Rockies right-hander Tyler Chatwood didn't want to stop at 99, and who could blame him?
That's where Chatwood's pitch count stood after six innings -- he had shaken off early control issues -- of the Rockies' eventual 7-2 victory over the Phillies at Citizens Bank Park on Wednesday night. While the conversation in the dugout with manager Bud Black wasn't heated, it was animated.
"He walked up and said, 'You got 10 pitches to try and get through it,'" Chatwood said. "I think I threw 11, but I got through it, which was nice."
Actually, it took 13 in a spotless seventh with two strikeouts, but who's counting when the team's most experienced pitcher is committing his new-found groove to muscle memory? Chatwood threw seven scoreless innings, held the Phillies to one hit and fanned eight as the Rockies won the series. They have a chance to complete the sweep on Thursday.
"He threw the ball well. I thought he had good stuff all the way to his very last pitch," Black said. "That's something he's able to do -- hold his stuff, by that I mean velocity, the action on his pitches, the stamina.
"His delivery was under control again for the most part. The tempo, his rhythm, we talk about that so much because he does have such a momentum-building delivery, that the timing has to be there. For the most part, it was there."
Before Wednesday, Rockies rookie starters had earned a club-record eight straight winning decisions. But Chatwood (4-6), who is only 27 after breaking in with the Angels in 2011 and joining the Rockies a year later, and lefty Tyler Anderson, a second-year man who pitches Thursday, had not found their groove.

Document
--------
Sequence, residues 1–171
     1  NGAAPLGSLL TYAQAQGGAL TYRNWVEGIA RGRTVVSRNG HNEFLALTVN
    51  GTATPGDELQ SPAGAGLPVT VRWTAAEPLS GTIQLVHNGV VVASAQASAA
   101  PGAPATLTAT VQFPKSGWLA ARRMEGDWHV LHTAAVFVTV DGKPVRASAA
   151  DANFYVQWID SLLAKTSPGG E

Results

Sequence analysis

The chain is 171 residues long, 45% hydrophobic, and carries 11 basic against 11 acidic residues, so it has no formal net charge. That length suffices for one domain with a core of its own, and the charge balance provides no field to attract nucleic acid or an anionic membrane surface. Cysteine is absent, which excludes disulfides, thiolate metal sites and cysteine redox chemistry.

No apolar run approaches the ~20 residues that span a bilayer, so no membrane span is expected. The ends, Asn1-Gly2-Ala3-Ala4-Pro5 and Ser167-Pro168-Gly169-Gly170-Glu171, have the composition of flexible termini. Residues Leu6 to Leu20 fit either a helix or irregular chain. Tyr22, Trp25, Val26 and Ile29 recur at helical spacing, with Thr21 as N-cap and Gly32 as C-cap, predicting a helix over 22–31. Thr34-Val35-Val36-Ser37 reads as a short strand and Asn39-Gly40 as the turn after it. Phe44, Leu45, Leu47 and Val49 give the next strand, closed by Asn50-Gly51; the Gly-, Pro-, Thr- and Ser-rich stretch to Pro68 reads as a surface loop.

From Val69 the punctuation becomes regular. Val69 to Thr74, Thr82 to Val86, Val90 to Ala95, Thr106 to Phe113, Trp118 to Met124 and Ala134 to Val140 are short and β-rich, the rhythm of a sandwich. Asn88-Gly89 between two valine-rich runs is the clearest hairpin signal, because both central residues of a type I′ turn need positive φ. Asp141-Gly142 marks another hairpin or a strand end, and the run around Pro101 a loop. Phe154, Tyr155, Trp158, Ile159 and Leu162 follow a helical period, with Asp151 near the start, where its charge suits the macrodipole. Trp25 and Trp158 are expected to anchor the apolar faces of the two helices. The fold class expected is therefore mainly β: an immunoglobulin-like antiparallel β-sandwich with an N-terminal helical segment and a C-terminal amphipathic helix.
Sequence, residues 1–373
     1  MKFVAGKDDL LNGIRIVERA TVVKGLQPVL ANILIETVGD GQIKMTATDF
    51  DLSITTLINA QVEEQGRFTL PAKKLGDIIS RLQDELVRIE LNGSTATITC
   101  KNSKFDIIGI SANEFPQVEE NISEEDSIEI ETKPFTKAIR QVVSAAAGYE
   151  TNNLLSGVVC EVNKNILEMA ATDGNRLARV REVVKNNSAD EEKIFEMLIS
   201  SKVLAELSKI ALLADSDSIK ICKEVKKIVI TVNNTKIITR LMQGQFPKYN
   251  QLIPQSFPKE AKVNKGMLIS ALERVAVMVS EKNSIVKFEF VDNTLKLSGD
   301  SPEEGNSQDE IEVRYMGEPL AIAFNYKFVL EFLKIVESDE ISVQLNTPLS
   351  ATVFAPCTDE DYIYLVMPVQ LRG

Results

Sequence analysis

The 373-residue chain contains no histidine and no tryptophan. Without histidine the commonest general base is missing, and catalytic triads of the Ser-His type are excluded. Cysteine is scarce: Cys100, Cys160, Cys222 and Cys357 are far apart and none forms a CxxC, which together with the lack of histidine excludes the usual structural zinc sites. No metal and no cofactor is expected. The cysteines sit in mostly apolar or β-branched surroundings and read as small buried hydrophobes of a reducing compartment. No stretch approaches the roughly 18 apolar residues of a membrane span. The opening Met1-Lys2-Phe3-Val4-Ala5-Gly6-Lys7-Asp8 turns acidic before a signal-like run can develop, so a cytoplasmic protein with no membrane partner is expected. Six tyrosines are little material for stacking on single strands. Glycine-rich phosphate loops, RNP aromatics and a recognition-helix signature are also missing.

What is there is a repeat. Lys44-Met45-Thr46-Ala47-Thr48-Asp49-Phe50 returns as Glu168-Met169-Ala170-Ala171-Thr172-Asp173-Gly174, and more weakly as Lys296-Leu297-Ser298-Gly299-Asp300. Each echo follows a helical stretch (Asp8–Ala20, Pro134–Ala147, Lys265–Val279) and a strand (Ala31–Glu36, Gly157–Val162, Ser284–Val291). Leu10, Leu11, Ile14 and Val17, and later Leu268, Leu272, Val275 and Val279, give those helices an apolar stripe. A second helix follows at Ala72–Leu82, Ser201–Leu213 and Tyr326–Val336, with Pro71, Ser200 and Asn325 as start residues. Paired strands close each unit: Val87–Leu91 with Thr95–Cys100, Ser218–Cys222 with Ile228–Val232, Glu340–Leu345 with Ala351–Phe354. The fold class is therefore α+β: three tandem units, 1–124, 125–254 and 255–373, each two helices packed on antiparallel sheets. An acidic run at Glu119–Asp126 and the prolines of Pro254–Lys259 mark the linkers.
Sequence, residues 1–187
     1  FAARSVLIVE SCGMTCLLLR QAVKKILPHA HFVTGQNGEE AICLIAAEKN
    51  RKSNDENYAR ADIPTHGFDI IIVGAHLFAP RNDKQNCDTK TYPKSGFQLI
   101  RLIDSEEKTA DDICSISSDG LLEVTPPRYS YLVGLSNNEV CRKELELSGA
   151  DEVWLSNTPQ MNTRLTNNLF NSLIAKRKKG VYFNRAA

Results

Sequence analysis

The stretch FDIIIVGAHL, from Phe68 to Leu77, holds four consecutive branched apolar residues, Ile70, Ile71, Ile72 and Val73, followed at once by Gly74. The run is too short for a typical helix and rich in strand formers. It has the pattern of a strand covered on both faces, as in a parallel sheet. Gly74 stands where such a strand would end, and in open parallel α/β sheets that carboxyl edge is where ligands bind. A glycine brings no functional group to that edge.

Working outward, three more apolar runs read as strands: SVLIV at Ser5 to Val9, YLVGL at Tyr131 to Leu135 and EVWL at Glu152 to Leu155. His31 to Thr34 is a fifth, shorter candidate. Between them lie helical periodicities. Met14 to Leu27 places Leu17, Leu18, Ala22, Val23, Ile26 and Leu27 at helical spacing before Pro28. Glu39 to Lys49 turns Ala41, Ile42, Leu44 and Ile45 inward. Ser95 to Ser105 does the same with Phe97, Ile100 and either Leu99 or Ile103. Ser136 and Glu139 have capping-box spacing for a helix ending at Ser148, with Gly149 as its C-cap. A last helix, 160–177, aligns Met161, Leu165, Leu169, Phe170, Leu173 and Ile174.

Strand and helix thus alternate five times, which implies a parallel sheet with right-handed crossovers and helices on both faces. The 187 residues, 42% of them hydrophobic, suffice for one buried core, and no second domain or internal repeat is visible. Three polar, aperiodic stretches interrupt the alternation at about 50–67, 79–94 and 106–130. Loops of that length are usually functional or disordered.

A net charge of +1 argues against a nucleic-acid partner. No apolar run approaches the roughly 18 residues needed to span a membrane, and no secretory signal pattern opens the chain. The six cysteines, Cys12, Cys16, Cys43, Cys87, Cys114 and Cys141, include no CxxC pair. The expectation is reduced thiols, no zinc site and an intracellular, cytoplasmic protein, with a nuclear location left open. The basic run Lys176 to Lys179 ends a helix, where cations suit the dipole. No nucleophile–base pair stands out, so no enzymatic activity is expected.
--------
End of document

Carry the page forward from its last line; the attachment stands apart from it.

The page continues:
While Anderson has been showing signs with 25 strikeouts and two wins in his last three starts, Chatwood was coming off two losses that saw him walk nine in 9 1/3 innings.
"You don't want to be the guy left behind," Chatwood said.
Wednesday, Chatwood walked two in the first and threw strikes on just half of his 20 pitches. But a two-strikeout second and a fourth in which he overcame a leadoff walk with two grounders, one a double play, put him on track. The Rockies' seven-run third inning let him relax.
Andrew Knapp delivered the Phils' first hit with two out in the fifth.
"He really wasn't giving us much to hit, so you have to take what you get with that and shoot it the other way," Knapp said of his single.
It was somewhat familiar territory for Chatwood. He was perfect for 5 2/3 innings of a 5-0 shutout of the Giants on April 15. He yielded no hits through five against the Padres on May 2, only to give up five runs while managing one out in the sixth and lose.
This time, he didn't let the Phils back into a contest that he didn't want to leave. Even before he and Black talked after the sixth, his work on the mound had presented a convincing case for one more inning.
"We talked about how he was throwing," Black said. "We talked about how he felt. I gave him some of my thoughts. He gave me some of his thoughts, and he went back out in the seventh."
Thomas Harding has covered the Rockies since 2000, and for MLB.com since 2002. Follow him on Twitter @harding_at_mlb, listen to podcasts and like his Facebook page.Ben Harris is a reporter for MLB.com based in Philadelphia and contributed to this story. This story was not subject to the approval of Major League Baseball or its clubs.